Secured by Design (SBD) is an award scheme, managed by the Association of Chief Police Officers (ACPO) and supported by the Home Office, which aims to encourage house developers to design homes so as to minimise the crime opportunities which they present. Unlike many crime reduction measures, particularly those addressing the behaviour of offenders or potential offenders, the SBD initiative is proactive - the aim being to intervene prior to a crime problem emerging as opposed to reacting after the event. The implementation of SBD requirest he co-operation of a variety of agenciesf rom police and local authorities to architects and housing developers,and the mechanisms through which it aims to reduce crime have the potential to impact upon the victim, the offender and the location. Recent legislation,in the form of the Crime and Disorder Act 1998 and the Human Rights Act 1998, have placedcrime reduction on the agenda of many agencies for whom the issue had historically been of little importance. In the current climate of multi-agency working, initiatives such as SBD have the potential to flourish, but do they actually impact upon crime, disorder and the fear of crime, and are they being used to their maximum potential? This thesis addresses the past (history), present (current practice) and future (potential refinements) of SBD. How did planning become encapsulated in to criminology?Does SBD reduce crime, disorder and the fear of crime?What are the current weaknesses within SBD and how can the initiative be improved? The findings presented within the thesis reveal that properties built to the SBD standard experience lower levels of crime (and their resident's lower levels of fear of crime) than Non-SBD estates matched according to age, housing tenure, location and environmental factors. Whilst the difference in crime rates is not strongly statistically significant, the improving performance of the scheme suggests that a more recent sample would reveal a stronger relationship between SBD status and crime levels. Having established that SBD estates confer a crime reduction advantage the thesis focuses upon identifying how the scheme can be improved as well as the enablers and constraints which exist for those within the social and private sector in deciding whether (or not) to build to the SBD standard. Areas of improvement include ensuring that the scheme implements its own principles, incorporating repeat victimisation packages in to its standards and considering the threat to revoke the scheme for estates found failing to maintain the SBD standards. Levers to encourage social and private sector developers to build to the SBD standard include enhanced funding from the Housing Corporation, the appeal of additional security for homebuyers and the savings incurred through reduced levels of crime and disorder. Continuing its improvement orientation, the thesis presents a risk assessment mechanism to be used by crime reduction practitioners as a means of idenffying which properties will become vulnerable to crime if built (therefore allowing them to challenge planning applications)or in the case of properties already developed, allowing resources to be directed towards properties at most risk. The environmental factors which emerge as associated with elevated crime levels (and therefore score highly on the checklist presented)suggest that higher levels of movement past a property are generally associated with higher levels of risk. Thus in the somewhat heated debate about the role of permeability in enabling crime, the general thrust of the data suggests that high permeability (as proxied by the presence footpaths, levels of pedestrian and vehicular movement and road network) is indeed associated with higher levels of crime.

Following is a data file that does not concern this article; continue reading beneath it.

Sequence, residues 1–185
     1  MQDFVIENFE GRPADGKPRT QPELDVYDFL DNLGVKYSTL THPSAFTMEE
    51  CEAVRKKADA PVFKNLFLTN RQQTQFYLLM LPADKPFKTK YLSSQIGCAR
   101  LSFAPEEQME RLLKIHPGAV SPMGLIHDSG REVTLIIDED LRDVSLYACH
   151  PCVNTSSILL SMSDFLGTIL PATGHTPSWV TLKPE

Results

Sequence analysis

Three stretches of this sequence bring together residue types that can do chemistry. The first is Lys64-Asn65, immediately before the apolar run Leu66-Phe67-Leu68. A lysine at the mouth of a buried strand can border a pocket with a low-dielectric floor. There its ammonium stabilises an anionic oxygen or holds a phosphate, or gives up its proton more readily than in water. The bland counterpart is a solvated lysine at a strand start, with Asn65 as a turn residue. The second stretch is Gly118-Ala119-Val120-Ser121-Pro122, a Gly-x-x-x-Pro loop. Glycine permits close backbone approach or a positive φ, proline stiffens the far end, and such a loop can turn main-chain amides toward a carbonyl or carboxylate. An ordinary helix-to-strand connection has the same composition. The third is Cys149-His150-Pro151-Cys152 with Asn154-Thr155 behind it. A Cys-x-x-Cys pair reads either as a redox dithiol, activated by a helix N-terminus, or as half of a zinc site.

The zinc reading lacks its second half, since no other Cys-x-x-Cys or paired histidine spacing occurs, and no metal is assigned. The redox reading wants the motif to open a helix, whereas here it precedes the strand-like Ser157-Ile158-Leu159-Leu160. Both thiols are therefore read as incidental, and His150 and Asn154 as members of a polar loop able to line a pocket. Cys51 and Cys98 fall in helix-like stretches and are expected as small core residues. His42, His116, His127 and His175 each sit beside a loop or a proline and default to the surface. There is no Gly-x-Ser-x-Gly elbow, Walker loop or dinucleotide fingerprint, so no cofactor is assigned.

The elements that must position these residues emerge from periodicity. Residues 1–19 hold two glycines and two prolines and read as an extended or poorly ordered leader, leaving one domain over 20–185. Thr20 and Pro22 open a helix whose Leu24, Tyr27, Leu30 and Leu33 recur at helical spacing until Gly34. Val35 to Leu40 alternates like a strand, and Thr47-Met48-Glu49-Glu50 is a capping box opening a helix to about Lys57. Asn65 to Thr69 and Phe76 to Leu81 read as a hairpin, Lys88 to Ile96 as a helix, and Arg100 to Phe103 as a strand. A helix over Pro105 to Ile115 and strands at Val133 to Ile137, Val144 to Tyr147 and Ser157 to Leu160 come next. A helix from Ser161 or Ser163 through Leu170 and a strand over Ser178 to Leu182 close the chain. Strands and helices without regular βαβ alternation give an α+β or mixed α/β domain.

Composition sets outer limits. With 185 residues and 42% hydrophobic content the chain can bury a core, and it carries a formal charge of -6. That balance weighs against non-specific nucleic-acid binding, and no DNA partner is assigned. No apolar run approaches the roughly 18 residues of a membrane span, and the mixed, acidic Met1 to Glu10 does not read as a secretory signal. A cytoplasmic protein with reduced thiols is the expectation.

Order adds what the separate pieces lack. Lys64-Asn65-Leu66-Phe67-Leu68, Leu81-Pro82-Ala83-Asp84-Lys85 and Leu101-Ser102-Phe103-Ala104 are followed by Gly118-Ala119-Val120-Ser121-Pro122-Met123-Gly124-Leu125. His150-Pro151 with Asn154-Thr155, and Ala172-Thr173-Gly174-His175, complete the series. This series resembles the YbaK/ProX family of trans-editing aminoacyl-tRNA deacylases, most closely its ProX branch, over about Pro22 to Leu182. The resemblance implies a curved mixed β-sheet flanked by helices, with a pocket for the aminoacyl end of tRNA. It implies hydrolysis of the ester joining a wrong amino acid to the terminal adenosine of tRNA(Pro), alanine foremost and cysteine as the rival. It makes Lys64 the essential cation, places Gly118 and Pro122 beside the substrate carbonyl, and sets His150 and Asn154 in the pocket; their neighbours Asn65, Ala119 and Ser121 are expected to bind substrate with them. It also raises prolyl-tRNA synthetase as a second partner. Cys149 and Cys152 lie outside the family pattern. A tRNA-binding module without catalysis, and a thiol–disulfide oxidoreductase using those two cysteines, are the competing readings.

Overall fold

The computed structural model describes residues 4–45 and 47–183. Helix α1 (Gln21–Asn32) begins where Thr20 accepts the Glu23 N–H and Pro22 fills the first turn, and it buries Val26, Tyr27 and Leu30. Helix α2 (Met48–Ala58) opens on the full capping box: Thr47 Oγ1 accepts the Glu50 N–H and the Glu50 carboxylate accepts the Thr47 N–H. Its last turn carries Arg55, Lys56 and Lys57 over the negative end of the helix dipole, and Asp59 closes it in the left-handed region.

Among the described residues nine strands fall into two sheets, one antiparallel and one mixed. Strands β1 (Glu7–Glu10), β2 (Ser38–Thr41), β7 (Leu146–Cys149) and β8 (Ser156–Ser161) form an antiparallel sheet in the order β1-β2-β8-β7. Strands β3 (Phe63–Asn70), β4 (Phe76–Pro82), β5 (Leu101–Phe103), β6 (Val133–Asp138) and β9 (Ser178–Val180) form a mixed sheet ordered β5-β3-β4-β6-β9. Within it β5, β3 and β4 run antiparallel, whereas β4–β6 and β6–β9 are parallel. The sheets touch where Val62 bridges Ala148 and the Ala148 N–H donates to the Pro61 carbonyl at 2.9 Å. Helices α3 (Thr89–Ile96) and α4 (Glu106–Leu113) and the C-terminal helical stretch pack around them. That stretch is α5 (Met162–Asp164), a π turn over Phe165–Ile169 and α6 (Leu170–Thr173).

|Publication status||Published - 1 Sep 2004|